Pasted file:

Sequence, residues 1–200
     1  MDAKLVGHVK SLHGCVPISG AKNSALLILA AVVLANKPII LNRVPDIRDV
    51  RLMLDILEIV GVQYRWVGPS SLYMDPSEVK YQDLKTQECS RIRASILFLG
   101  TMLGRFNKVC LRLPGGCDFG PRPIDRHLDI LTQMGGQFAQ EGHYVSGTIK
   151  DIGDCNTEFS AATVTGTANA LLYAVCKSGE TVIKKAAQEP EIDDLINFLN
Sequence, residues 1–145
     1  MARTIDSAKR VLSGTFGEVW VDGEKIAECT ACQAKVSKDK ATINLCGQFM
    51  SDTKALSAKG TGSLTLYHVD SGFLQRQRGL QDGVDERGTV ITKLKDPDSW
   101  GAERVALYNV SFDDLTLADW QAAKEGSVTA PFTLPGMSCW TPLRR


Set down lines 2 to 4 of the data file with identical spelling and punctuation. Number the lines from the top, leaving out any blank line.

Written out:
     1  MDAKLVGHVK SLHGCVPISG AKNSALLILA AVVLANKPII LNRVPDIRDV
    51  RLMLDILEIV GVQYRWVGPS SLYMDPSEVK YQDLKTQECS RIRASILFLG
   101  TMLGRFNKVC LRLPGGCDFG PRPIDRHLDI LTQMGGQFAQ EGHYVSGTIK